Global stocks hit a record high on Friday and oil climbed after strong U.S. and Chinese economic data bolstered expectations of a solid global recovery from the coronavirus-induced slump.
Government stimulus, a string of strong corporate earnings releases and the signs of economic recovery in countries ahead in the COVID-19 vaccination race have all helped push stock markets onto new heights in recent days.
"As the economic re-opening accelerates in the coming months, we believe the bull market remains on a solid footing," said Mark Haefele, chief investment officer, UBS Global Wealth Management.
MSCI's broadest gauge of world stocks edged higher in early European trade, up 0.1% to a record high. Europe's top indexes all opened higher, led by Britain's FTSE 100, up 0.5% and passing 7,000 points for the first time since February 2020.
U.S. stock futures pointed to a slightly lower open, with S&P futures down 0.1% and Nasdaq futures down 0.2%
Overnight, Asian markets had tracked a path similar to Europe's. MSCI's broadest index of Asia-Pacific shares outside Japan was last up 0.5%, with Shanghai shares adding 0.8% and Japan's Nikkei up 0.1%.
Driving the move was Chinese data showing record 18.3% growth in the first quarter, though the reading slightly undershot expectations. Retail sales bounced strongly last month.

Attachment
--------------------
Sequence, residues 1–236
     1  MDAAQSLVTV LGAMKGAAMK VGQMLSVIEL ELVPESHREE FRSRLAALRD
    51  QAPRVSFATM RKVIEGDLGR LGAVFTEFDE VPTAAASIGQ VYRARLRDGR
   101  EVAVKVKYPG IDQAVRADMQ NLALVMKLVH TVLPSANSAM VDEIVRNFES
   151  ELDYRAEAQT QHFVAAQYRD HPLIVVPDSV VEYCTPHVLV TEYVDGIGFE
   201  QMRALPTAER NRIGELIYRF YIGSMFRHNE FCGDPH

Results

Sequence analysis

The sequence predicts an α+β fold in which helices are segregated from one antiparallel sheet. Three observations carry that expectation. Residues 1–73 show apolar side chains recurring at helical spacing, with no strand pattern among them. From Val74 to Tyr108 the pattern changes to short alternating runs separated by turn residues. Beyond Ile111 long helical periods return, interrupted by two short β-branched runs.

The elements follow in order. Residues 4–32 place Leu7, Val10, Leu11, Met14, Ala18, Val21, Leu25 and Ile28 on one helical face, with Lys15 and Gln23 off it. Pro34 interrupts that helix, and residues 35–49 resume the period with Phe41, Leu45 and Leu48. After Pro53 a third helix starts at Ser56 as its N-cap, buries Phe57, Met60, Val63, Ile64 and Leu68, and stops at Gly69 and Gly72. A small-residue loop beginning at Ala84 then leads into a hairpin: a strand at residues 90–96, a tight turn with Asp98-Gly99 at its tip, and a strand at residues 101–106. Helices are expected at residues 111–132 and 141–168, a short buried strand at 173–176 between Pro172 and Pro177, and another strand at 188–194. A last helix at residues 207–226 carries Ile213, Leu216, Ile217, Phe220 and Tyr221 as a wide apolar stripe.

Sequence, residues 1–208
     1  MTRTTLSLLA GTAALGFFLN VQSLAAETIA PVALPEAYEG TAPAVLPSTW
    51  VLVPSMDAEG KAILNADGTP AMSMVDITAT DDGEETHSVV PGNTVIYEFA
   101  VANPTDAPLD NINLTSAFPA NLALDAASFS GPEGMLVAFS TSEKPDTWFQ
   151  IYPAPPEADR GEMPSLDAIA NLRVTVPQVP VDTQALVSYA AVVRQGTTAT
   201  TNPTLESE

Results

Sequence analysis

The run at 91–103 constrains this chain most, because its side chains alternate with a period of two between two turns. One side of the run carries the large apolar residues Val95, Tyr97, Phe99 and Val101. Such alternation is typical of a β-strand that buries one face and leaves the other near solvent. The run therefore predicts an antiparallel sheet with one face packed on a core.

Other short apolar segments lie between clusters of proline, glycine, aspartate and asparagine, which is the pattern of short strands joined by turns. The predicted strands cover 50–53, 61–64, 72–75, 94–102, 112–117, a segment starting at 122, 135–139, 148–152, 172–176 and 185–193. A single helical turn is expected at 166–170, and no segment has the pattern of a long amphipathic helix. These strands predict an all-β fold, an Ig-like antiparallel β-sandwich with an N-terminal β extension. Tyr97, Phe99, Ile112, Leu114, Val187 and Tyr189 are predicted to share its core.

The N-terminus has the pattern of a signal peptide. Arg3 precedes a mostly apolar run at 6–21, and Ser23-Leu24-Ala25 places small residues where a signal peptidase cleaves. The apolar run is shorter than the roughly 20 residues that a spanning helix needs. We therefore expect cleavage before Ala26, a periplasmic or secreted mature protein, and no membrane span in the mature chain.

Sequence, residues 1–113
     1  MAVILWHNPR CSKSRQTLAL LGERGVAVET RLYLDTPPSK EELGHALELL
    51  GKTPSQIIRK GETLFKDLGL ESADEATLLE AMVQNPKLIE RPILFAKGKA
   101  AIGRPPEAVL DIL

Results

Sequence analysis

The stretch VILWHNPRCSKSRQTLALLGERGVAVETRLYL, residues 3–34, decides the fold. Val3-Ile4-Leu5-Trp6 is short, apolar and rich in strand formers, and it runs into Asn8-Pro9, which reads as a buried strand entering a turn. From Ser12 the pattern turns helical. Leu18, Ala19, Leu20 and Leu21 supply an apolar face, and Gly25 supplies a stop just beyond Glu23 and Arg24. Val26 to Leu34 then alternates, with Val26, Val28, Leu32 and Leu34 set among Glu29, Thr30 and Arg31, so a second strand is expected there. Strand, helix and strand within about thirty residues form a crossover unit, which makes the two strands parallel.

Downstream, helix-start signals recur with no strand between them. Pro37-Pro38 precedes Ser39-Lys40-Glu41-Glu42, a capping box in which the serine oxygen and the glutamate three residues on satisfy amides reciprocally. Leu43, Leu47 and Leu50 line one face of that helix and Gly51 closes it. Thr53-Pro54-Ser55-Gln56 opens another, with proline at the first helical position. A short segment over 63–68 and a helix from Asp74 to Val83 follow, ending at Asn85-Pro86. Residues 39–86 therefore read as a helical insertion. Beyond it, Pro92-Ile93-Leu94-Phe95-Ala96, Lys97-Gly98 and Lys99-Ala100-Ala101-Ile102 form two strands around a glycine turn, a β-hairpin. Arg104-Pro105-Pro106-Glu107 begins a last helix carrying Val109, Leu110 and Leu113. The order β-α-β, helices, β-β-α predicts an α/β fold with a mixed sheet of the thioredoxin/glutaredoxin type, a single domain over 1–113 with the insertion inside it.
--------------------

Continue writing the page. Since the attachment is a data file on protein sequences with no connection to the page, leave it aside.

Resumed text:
"We remain focused on a China-led rebound steadily helping the Asia-Pacific region," said Sebastien Galy, senior macro strategist at Nordea Asset Management.
"As the U.S. economy and then European economies open up, it should further help Asian exports. This should support Emerging Market and APAC equities as well as China equities and fixed income."
Despite the punchy GDP number, gains were tempered by the view that Beijing will act to rein in the brisk expansion later in the year to stop the economy overheating.
The strong Chinese data had followed similarly upbeat numbers out of the United States overnight. Retail sales rebounded 9.8% in March, pushing the level of sales 17.1% above its pre-pandemic level to a record high.
The brightening economic prospects were underscored by other data, including first-time claims for unemployment benefits, which tumbled last week to the lowest level since March 2020.
All of which helped oil prices push on, hitting one-month highs thanks to the economic data and higher demand forecasts from the International Energy Agency (IEA) and OPEC.
Despite the strong data, U.S. bond yields dropped, in part driven by buying from Japan, which began a new financial year this month. The 10-year U.S. Treasuries yield hovered near its five-week low of 1.589%.
"We retain a modest short position in U.S. rates and would be inclined to add to this should yields drop towards 1.5% on the 10-year part of the yield curve," said Mark Dowding, chief investment officer at BlueBay Asset Management.
In the currency market, lower U.S. yields were a drag on the dollar overnight, although the dollar index had recovered to trade flat early in the European session.
The euro was flat at $1.1973, having hit a six-week high of $1.19935 overnight. The pound was down 0.2% at $1.3755.
Gold bounced off session lows to trade up 0.1% at $1,766, just off its seven-week high of $1,769 per ounce